The Shaping of an “Angry” Black Woman is the debut book of poetry by author Tamara Woods. Written over 15 years, each poem challenges conventional society and is poised with acerbic, witty, and abrasive language that is reflective in the often discussed isotope of society, that being the “Angry” Black Woman.
In the words of Tamara herself:
“I wore anger like it was my favorite pair of Chucks, giving people what they wanted. A minstrel show played with black emotions rather than a shoe-polished face. This brings around an unspoken rule: The expectation of anger renders my anger invalid as it is my starting point, so it’s not that important. This collection of poems takes a look at life, written over a fifteen year span of mine. It is flawed oddities, beauty foiled with ugliness. We are all more than just angry. Women are more complicated than just that.”
Here’s my author’s page at Sakura Publishing!
And here is my reaction video soon after I received my proof in the mail. Spoiler alert: I was pretty damn excited.
Not-so-angry Black Woman
“Tamara Woods does not come off as angry at all. Of all her traits, I appreciate her candor most. She constantly struggles with her own talent. “I know I’m suppose to write these words but I don’t know the order yet and/how they should trip, stumble, and fall into someone’s mind.” She is quick to disrobe herself from her gift. “This ain’t even a poem.” However, the pages outfit her into the wealth of poetry’s wardrobe without the accessory of being labeled as angry.”
– Len Lawson, Amazon
Angry? No way!
“Tamara Woods does not come off as an angry woman at all. Rather, she comes across as an intelligent, sensitive, well-spoken writer with an immense talent for poetry. She is humble and unpretentious, candid, and witty. I really enjoyed her poetry. If you are someone who is a poet, or someone who is seen as “angry”, this is a good book to pick up.”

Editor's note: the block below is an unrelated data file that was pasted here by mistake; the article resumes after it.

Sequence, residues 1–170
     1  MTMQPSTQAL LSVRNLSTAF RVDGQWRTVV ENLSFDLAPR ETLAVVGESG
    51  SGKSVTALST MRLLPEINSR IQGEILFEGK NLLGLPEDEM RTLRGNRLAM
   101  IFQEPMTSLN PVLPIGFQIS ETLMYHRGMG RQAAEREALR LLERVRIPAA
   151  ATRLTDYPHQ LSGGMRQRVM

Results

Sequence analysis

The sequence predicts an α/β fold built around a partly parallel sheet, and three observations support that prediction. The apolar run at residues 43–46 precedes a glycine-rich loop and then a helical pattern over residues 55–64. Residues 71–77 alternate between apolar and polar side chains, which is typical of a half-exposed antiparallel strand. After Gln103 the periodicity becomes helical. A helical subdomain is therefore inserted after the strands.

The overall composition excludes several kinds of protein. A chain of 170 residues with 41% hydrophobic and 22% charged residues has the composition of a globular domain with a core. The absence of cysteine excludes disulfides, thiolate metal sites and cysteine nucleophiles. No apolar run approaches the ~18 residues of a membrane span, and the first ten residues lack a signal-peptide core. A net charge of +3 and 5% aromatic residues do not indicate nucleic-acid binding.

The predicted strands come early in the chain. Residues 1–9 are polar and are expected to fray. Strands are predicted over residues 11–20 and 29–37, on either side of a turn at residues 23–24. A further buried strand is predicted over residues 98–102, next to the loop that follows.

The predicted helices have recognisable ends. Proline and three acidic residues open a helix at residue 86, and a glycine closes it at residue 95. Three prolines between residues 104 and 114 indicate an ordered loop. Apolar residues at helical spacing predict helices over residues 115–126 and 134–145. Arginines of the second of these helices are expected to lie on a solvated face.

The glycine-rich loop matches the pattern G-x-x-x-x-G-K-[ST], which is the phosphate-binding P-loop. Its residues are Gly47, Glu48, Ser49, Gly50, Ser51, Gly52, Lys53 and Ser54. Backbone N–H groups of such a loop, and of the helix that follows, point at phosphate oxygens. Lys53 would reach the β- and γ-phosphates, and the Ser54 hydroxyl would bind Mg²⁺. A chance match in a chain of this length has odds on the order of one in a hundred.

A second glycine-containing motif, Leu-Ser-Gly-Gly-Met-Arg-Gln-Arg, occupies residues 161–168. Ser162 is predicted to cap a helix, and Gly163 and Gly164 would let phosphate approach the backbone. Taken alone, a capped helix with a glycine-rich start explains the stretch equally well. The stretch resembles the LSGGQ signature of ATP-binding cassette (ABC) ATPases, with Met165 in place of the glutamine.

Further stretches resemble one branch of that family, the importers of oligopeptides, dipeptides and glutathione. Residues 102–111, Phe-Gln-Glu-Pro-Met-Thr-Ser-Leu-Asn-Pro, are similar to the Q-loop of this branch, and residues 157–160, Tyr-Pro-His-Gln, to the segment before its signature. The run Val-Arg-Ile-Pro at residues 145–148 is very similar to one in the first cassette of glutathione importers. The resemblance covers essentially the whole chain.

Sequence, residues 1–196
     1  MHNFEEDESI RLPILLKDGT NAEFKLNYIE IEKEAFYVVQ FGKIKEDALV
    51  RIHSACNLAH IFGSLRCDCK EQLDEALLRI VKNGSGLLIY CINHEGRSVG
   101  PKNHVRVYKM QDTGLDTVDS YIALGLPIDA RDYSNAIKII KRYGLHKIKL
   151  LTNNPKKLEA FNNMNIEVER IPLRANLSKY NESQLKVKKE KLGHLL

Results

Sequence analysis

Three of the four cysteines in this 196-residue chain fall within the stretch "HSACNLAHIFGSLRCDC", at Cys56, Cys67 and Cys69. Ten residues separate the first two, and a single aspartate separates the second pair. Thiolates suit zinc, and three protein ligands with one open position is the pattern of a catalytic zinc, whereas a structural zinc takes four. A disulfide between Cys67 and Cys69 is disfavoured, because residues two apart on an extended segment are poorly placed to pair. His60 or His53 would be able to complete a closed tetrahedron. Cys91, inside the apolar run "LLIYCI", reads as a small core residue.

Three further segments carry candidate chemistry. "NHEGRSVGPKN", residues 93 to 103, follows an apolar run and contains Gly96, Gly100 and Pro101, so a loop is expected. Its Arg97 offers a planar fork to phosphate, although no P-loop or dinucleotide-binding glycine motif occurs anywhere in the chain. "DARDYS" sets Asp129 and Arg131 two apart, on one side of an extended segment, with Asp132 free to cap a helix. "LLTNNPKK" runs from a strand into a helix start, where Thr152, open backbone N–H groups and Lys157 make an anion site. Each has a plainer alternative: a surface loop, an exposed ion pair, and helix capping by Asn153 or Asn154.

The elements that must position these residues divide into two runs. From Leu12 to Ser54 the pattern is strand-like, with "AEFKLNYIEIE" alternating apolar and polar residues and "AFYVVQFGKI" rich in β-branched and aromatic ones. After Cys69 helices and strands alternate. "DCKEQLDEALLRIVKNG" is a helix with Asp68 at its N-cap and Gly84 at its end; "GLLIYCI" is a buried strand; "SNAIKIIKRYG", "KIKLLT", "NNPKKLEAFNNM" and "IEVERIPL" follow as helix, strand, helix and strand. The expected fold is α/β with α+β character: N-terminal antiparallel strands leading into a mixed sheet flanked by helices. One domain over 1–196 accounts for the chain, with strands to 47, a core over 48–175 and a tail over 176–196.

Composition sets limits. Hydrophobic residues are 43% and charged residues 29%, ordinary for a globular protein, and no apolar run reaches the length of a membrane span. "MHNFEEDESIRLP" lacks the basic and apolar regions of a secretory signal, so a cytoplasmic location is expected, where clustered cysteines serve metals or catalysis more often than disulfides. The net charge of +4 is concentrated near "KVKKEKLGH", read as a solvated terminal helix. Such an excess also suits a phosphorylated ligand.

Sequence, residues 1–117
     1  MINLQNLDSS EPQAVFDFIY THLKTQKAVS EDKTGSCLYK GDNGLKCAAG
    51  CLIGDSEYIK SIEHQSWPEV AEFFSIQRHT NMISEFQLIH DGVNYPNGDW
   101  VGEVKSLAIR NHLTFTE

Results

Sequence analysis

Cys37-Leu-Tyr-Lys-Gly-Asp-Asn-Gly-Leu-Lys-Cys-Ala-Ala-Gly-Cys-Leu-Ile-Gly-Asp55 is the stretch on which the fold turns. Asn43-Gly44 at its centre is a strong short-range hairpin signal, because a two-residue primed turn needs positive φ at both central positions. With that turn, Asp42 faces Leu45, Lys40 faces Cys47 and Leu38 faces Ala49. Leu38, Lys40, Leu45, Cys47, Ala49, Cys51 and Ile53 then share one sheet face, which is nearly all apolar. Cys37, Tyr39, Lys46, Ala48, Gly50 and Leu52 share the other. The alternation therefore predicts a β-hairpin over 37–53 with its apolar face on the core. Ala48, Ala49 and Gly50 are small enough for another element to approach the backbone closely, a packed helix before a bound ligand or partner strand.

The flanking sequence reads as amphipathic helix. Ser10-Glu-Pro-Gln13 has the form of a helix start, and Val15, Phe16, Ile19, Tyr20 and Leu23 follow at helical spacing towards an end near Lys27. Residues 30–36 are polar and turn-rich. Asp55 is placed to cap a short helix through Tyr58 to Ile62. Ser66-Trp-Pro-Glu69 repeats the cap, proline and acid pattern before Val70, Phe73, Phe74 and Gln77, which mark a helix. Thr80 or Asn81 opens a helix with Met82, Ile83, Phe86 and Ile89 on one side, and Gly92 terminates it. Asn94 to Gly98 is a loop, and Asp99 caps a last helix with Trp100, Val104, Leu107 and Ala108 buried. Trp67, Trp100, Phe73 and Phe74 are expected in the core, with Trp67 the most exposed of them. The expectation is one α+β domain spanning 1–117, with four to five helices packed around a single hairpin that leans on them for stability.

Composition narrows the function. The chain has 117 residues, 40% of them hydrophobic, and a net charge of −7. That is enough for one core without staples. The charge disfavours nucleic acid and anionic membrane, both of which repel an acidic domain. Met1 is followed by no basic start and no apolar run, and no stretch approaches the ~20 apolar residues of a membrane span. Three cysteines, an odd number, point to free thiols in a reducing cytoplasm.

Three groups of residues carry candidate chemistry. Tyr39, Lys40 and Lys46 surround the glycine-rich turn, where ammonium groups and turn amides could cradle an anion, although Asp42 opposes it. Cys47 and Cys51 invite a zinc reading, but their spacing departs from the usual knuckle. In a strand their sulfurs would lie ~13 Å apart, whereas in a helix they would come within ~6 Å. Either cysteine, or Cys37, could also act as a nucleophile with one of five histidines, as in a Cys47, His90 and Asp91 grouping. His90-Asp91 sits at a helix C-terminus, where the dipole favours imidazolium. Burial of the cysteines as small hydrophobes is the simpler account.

– ZedralZ, Amazon
A Langston Hughes for Our Times
“A Langston Hughes for our times, Tamara Woods writes like a woman on fire. At times fierce, at times exquisitely vulnerable, these poems seethe with a pathos unique to the experience of black women, and yet universal to the tragedy and triumph in us all. Read this book, and don’t be surprised if you find yourself crouching in it’s pages.”
– Zoe Ham, Amazon
An Absolute Must Read
“She nailed it. Every piece moved the reader fluidly through a tale of growth and learning, of breaking down and building up. Parts left me in tears, while others had me, fist raised in the air, wanting more and more. I cannot wait to see more work from this talented poet!”
– Laura A. Lord, author of Of Roots and Wreckage
Everyone can learn from and enjoy this book
“As a woman of color myself, this book is an vivid and accurate depiction of the inner conflict and celebration of being a black woman. Tamara covers a wide array of experiences, stages, feelings, and stereotypes throughout the book. It’s a venture that is emotional and intimate that shows both humility and pride. Everyone can learn from and enjoy this book. It’s an intense piece of cultural dialogue shown through many perceptions such as “the old church lady”, a mother, a vulnerable child, etc. This is a book that I am proud to show off.”